One of the most controversial terms in the Islamic lexicon is "kafir."
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It's ordinarily taken to mean an "infidel," or just to describe someone who isn't Muslim; it's a loaded term, though, and by loaded, I mean ready to fire, like a weapon. A year ago, a Twitter account supportive of ISIS responded to one of my articles on pluralism by labeling me a "kafir." I shrugged it off, until I remembered that for jihadists, the term is tantamount to announcing a death sentence.
Groups like ISIS mostly kill Muslims, whom they judge to be insufficiently, incompletely, or falsely Muslim – and therefore worthy of murder.
But "kafir" has a far more nuanced and difficult meaning than extremists apply; the word comes from an Arabic root often used to imply burial, concealment or camouflage. A "kafir" isn't an infidel, in fact. He's not someone who just isn't Muslim, either. A "kafir" is someone who actively, with malice and ill intent, denies the truth, even though in his heart of hearts he knows it to be true. But for reasons circumstantial, existential, psychological, or otherwise, pretends otherwise.
Now, the problem with such religious language is that it's applied by believers to conditions you cannot actually determine. How do you know if someone really believes in the religion they practice, or actually disbelieves in a religion they don't practice? One of my favorite Muslim responses to acts of terrorism is to focus on the alleged or actual terrorist's religiosity. See, that guy who murdered ten people in the name of Islam was in a bar the night before, drinking. "How can he be Muslim!"
As if drinking at a bar is more dispositive than, say, murdering people. Both are contrary to religious law, but obviously not in the same way.
But we can lift a concept out of its religious context and apply it in a secular sense. To be a "kafir," in that meaning, is to know something is true, but to act otherwise. To deny the truth. You might argue that President Donald Trump doesn’t always know he’s lying, even though I’d find that hard to believe. He’s smart and resourceful enough to access enough sources of information to know when he’s wrong. Even if he wouldn’t know, surely his advisers could. And that doesn’t even begin to explain the many times he contradicts himself.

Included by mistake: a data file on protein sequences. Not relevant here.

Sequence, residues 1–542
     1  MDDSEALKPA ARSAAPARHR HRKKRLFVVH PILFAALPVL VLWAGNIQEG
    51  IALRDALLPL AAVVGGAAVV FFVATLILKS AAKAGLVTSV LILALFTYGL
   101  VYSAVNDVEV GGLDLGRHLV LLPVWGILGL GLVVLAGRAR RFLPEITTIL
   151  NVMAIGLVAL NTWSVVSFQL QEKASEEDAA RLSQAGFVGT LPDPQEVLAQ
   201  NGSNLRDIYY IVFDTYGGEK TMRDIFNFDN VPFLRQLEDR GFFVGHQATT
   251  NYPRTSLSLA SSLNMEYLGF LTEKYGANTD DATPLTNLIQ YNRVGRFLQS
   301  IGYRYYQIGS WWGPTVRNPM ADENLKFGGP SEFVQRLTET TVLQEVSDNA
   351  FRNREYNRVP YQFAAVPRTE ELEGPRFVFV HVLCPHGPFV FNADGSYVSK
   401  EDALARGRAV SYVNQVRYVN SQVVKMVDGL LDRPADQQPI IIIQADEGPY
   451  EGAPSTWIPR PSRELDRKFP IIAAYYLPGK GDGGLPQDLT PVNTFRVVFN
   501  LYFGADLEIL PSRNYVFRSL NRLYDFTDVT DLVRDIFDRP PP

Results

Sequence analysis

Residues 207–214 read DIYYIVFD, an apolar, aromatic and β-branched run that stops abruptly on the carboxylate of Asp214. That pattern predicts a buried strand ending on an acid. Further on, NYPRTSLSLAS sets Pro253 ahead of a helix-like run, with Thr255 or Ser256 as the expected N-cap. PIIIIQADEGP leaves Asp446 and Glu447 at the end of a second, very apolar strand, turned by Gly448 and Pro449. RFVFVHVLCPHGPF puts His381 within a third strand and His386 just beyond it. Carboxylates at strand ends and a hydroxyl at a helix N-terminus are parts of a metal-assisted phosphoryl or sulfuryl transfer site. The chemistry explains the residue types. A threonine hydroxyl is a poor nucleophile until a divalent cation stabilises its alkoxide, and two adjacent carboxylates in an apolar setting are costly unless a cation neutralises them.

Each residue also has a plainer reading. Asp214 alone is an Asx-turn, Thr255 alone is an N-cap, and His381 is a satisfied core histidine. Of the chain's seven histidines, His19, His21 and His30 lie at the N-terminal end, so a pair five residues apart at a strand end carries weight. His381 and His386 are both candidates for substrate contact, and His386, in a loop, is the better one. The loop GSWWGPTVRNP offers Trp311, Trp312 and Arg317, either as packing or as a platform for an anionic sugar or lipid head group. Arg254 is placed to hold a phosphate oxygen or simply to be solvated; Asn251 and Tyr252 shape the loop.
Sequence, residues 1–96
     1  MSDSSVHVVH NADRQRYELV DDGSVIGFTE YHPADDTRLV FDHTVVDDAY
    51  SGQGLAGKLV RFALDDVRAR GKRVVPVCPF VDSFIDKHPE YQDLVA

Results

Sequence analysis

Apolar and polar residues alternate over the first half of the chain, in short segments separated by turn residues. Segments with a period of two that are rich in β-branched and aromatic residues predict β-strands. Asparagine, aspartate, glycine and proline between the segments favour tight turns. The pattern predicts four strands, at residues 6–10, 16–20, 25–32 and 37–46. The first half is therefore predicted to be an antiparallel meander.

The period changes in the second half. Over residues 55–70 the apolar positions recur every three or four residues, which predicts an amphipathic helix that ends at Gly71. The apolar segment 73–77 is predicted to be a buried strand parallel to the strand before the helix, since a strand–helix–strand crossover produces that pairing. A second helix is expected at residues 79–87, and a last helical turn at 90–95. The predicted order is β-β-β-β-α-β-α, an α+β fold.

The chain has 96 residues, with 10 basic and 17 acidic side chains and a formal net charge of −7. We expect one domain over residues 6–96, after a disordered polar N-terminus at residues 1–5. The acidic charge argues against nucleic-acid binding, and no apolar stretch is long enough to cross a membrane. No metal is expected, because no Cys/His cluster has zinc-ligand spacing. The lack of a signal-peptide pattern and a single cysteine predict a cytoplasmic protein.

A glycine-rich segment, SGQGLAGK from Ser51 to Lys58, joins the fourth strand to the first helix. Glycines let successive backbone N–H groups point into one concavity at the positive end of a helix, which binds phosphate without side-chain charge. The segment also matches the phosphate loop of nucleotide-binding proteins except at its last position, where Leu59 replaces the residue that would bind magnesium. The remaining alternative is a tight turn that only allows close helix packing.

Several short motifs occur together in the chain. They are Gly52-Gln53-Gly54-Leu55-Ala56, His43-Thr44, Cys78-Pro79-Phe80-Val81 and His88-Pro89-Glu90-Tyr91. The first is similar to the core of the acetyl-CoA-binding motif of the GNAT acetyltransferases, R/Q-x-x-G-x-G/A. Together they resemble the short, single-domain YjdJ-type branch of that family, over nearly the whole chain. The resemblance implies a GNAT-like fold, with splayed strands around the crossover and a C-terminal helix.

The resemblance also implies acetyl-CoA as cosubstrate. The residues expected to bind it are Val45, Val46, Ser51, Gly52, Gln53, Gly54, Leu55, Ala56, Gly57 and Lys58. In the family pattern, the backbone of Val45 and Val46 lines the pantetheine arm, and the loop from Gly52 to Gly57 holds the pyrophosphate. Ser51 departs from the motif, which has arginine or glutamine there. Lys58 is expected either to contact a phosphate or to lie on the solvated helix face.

Whether it's self-aggrandizement, insecurity, or a disinterest in anything beyond self-interest, it's hard to say. But Trump and those he surrounds himself with are famous above all for one thing.
Lying. Through their teeth. Again, and again, and again.
Remember when you first heard Eskimos had 350 words for snow, or Arabs had 200 words for sand? You never knew if they were true. (Maybe you did, but I certainly didn't.) The point, however, was that some cultures had reasons to come up with many distinctions for certain concepts or realities, principally because they had a need to. I wonder, in the years to come, whether we'll find ourselves awash in multiple iterations of terms, from "alternative facts" to "alt-right," all of which hide a far more mundane and vulgar reality, Orwellian in its overdetermined, undeniable, overwhelming reality.
America has a president who doesn’t speak the truth. Which matters.
If it's not true, it's false. If you know it's not true, and you say it anyway, you're a liar. Trump has often been compared to a dumpster fire. But it's his pants that are alight. In his farewell address to the nation, President Obama struck a plaintive note when he referenced the values of the Enlightenment on which America was founded. But ever since the internet trolls came to power and occupied the White House, those of a politically liberal mind, who represent classical, constitutional values, are in danger of failing to perceive themselves for what they are: reactionary conservatives.
We have to stand up for simple, boring values, like transparency, dignity, honesty and the comportment a democracy requires. There's something almost charmingly religious about that. We can't know, of course, which of us is sincere and which of us is false, which is why we require checks and balances – for the next four, eight or, heaven help us, more years, that's our calling. To stand up for common sense. If it's not true, it's false. If it's not right, it's wrong. There's no greater, graver insult to any healthy society than to deny a common, objective reality, to which we all have access.
A world of instinct and unfounded intuition is a world without laws, democracy or basic decency.
Haroon Moghul is a Senior Fellow and Director of Development at the Center for Global Policy. He is president of Avenue Meem, a new media company. Follow him on Twitter: @hsmoghul